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Clinician’s Corner: Migraine Prevention

Ben Franklin said: “An ounce of prevention is worth a pound of cure”, and this is so true in migraine headache treatment.  Prevention migraine can be a challenge, and this unit covers the older and less expensive drugs used to prevent migraine headaches.  The newest prevention drugs we covered a few weeks ago are nearly $800.00 a month

MIGRAINE Prevention: COMMONLY USED AGENTS

BEHAVIORIAL MANAGEMENT

Risk Factors

  • Stress
  • Menses

Sensory Stimuli

  • Foods/stimulants
  • Weather fronts
  • Chronobiologic changes
  • Protective Factors
  • Stress management
  • Biofeedback
  • Regular Sleep & meals
  • Regular exercise
  • Adequate Hydration
  • Regular work/ school

When to use Pharmacological prevention

Headache Frequency: greater than 8 days/ month   or  2 days/week

Complications with Migraines

Relief therapies are ineffective

Success:  is defined as working in 50% of the patients to decrease headaches by 50%

Expect at least 6 weeks to see benefit from migraine prophylaxis

Encourage patients to identify and avoid triggers…skipping meals, disrupted sleep, stress, alcohol, wine, cheese, aspartame, etc.  Men are 35% more likely to report overexertion as a migraine trigger.  Men are more sensitive to light. Women are more sensitive to triggers of smell and are more likely to become nauseous.

  1. a) beta blockers (considered first line for prophylaxis)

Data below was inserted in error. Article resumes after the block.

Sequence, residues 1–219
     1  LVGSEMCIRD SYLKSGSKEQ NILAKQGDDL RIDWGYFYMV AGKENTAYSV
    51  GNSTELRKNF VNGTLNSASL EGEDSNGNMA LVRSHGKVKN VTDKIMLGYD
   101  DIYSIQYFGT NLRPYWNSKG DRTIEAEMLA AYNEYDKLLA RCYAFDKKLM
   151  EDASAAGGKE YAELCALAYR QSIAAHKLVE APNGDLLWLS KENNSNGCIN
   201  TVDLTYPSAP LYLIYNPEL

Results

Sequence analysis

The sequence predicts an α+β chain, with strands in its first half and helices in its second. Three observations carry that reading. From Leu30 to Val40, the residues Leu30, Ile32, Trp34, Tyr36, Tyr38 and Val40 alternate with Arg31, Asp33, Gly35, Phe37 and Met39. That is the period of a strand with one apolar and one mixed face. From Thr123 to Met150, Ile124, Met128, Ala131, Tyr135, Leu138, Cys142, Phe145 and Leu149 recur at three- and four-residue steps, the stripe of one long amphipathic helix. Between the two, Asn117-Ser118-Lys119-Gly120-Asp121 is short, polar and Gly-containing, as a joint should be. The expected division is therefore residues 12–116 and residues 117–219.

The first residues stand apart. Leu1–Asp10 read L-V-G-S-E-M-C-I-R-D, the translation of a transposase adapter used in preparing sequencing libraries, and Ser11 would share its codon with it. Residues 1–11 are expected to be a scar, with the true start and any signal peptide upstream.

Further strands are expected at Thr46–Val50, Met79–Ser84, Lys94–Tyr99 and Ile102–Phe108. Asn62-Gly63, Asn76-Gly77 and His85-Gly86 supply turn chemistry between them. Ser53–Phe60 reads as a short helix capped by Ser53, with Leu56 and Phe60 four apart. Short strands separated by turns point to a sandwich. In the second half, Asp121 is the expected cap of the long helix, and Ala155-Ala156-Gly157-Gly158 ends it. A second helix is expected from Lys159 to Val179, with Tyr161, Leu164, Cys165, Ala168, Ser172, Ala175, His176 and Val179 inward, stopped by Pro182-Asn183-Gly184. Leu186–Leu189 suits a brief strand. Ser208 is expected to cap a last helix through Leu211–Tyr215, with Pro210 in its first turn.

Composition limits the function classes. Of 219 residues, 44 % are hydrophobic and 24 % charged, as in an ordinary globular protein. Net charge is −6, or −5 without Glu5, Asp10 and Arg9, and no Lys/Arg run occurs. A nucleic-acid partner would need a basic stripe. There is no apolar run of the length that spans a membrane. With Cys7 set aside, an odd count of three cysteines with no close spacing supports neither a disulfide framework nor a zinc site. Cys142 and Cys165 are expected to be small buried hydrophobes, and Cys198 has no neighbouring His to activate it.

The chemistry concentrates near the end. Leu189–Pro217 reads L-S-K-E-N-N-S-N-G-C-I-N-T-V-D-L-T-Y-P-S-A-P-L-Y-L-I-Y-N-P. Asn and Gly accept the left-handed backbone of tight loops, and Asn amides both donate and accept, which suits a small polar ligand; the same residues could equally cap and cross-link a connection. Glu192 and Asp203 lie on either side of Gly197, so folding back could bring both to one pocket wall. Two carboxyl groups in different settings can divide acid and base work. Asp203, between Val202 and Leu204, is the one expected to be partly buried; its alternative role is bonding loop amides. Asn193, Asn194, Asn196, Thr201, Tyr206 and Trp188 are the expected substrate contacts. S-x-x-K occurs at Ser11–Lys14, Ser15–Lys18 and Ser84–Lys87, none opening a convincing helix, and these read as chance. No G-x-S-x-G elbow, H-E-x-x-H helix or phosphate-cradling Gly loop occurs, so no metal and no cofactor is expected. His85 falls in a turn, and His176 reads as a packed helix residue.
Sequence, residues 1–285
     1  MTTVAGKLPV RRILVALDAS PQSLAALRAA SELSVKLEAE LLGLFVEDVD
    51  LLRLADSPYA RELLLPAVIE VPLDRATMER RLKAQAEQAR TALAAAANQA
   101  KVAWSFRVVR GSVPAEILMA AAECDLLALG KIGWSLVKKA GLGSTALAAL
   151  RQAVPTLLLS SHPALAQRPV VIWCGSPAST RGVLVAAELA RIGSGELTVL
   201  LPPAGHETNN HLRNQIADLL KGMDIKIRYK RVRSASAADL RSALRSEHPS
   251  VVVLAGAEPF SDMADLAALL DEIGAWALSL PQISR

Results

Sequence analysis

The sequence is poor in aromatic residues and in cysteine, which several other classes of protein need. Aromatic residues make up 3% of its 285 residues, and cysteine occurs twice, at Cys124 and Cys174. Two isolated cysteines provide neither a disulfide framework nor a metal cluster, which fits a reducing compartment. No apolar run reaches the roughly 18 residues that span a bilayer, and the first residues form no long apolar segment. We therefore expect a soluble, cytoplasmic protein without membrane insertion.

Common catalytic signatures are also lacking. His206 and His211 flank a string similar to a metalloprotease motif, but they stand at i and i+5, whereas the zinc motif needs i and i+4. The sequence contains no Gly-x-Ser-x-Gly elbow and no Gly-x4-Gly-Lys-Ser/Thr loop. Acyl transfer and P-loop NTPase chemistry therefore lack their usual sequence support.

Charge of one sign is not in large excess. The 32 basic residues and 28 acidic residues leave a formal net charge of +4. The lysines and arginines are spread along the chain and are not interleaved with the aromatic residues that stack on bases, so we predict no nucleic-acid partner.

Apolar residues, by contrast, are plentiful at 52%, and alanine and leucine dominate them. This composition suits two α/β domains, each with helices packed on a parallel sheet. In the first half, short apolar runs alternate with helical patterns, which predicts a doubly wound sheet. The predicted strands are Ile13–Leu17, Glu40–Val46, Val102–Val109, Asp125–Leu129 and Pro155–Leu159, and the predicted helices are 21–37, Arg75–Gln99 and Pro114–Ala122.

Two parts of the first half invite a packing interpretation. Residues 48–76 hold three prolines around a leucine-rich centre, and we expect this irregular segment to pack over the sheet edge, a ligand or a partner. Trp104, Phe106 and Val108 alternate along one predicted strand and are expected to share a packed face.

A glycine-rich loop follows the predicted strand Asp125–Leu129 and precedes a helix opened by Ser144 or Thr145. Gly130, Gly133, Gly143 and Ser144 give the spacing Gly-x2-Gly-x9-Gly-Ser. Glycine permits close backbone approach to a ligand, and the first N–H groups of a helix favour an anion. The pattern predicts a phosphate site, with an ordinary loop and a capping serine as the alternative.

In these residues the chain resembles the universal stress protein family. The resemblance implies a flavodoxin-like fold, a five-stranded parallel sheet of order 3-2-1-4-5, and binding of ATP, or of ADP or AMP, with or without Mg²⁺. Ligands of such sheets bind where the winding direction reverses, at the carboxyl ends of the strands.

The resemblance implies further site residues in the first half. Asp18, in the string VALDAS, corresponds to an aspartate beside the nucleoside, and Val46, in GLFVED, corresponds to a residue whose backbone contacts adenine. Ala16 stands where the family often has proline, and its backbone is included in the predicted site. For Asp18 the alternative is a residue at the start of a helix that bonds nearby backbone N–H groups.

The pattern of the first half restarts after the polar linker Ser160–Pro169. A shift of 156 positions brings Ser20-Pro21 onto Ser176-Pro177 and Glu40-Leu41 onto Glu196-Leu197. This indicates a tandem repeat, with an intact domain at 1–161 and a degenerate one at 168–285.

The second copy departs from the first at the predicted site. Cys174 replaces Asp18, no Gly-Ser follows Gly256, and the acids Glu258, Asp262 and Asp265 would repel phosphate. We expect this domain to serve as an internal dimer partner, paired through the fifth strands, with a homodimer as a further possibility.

• Propranolol (Inderal®)
  • Metoprolol tartrate (Lopressor®) or metoprolol succinate (Toprol-XL)

Best to avoid beta blockers in smokers and patients over age 60

  1. b) general analgesics/NSAIDs (second line)
  • Aspirin 650-1950mg  per day.
  • Naproxen 250mg to 550mg –twice daily

Caution: regular use might lead to chronic headache. See last week’s article on medication overuse headache.

Avoid: CV disease, GI risk, hypertension

  1. c) Antidepressants (second line)
  • Amitriptyline (Elavil®) tablets
  • Venlafaxine (Effexor®) (second line)

d)calcium channel blockers (3rd line)

  • Diltiazem (Cardizem®, Cardizem CD, Cardizem LA)
  • Verapamil (Isoptin® or Calan®) SR

e)anticonvulsants: (usually for seizure disorders)

  • Topiramate (Topamax®) 25, 50mg , 100mg, 200mg
  • Divalproex (Depakote ER®)
  • Gabapentin (Neurontin®)  -NOT effective- no better than placebo

g)Cyproheptadine

(Periactin®) (often used for children)  is an antihistamine, with anti-serotonin properties

As you can see there are lots of drugs with lots of different mechanisms of action.  Look to your Thompson Pharmacist to give you advice needed to help better control your migraines.  Go Ahead and ASK… at Thompson Pharmacy it’s ALL for YOU!